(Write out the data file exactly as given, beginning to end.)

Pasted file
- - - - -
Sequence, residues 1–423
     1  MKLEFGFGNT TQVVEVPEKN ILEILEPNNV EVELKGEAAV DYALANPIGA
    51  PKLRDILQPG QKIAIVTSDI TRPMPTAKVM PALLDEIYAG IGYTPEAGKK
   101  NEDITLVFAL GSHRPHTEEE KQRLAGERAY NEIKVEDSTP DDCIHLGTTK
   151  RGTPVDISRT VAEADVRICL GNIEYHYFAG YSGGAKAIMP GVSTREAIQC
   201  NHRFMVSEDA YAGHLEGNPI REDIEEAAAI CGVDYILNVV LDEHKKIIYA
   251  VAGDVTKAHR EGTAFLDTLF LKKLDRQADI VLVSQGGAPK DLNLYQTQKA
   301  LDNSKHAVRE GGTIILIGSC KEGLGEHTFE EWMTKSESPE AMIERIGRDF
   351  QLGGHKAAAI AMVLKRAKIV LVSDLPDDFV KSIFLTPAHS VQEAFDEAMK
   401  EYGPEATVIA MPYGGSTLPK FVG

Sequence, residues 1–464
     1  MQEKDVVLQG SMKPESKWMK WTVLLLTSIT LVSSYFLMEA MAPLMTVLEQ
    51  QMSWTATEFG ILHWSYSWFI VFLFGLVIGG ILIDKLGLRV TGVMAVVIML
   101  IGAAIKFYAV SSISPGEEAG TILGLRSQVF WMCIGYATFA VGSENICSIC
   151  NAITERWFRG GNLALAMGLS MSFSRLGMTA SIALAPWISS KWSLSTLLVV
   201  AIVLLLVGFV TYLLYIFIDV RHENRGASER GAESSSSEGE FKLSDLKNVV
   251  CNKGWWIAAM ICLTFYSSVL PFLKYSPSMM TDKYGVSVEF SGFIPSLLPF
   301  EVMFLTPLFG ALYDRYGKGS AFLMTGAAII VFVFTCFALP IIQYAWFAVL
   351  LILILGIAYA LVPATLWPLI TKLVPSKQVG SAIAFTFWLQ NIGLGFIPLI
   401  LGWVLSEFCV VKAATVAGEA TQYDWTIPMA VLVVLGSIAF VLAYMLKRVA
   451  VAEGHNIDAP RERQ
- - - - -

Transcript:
Sequence, residues 1–423
     1  MKLEFGFGNT TQVVEVPEKN ILEILEPNNV EVELKGEAAV DYALANPIGA
    51  PKLRDILQPG QKIAIVTSDI TRPMPTAKVM PALLDEIYAG IGYTPEAGKK
   101  NEDITLVFAL GSHRPHTEEE KQRLAGERAY NEIKVEDSTP DDCIHLGTTK
   151  RGTPVDISRT VAEADVRICL GNIEYHYFAG YSGGAKAIMP GVSTREAIQC
   201  NHRFMVSEDA YAGHLEGNPI REDIEEAAAI CGVDYILNVV LDEHKKIIYA
   251  VAGDVTKAHR EGTAFLDTLF LKKLDRQADI VLVSQGGAPK DLNLYQTQKA
   301  LDNSKHAVRE GGTIILIGSC KEGLGEHTFE EWMTKSESPE AMIERIGRDF
   351  QLGGHKAAAI AMVLKRAKIV LVSDLPDDFV KSIFLTPAHS VQEAFDEAMK
   401  EYGPEATVIA MPYGGSTLPK FVG

Sequence, residues 1–464
     1  MQEKDVVLQG SMKPESKWMK WTVLLLTSIT LVSSYFLMEA MAPLMTVLEQ
    51  QMSWTATEFG ILHWSYSWFI VFLFGLVIGG ILIDKLGLRV TGVMAVVIML
   101  IGAAIKFYAV SSISPGEEAG TILGLRSQVF WMCIGYATFA VGSENICSIC
   151  NAITERWFRG GNLALAMGLS MSFSRLGMTA SIALAPWISS KWSLSTLLVV
   201  AIVLLLVGFV TYLLYIFIDV RHENRGASER GAESSSSEGE FKLSDLKNVV
   251  CNKGWWIAAM ICLTFYSSVL PFLKYSPSMM TDKYGVSVEF SGFIPSLLPF
   301  EVMFLTPLFG ALYDRYGKGS AFLMTGAAII VFVFTCFALP IIQYAWFAVL
   351  LILILGIAYA LVPATLWPLI TKLVPSKQVG SAIAFTFWLQ NIGLGFIPLI
   401  LGWVLSEFCV VKAATVAGEA TQYDWTIPMA VLVVLGSIAF VLAYMLKRVA
   451  VAEGHNIDAP RERQ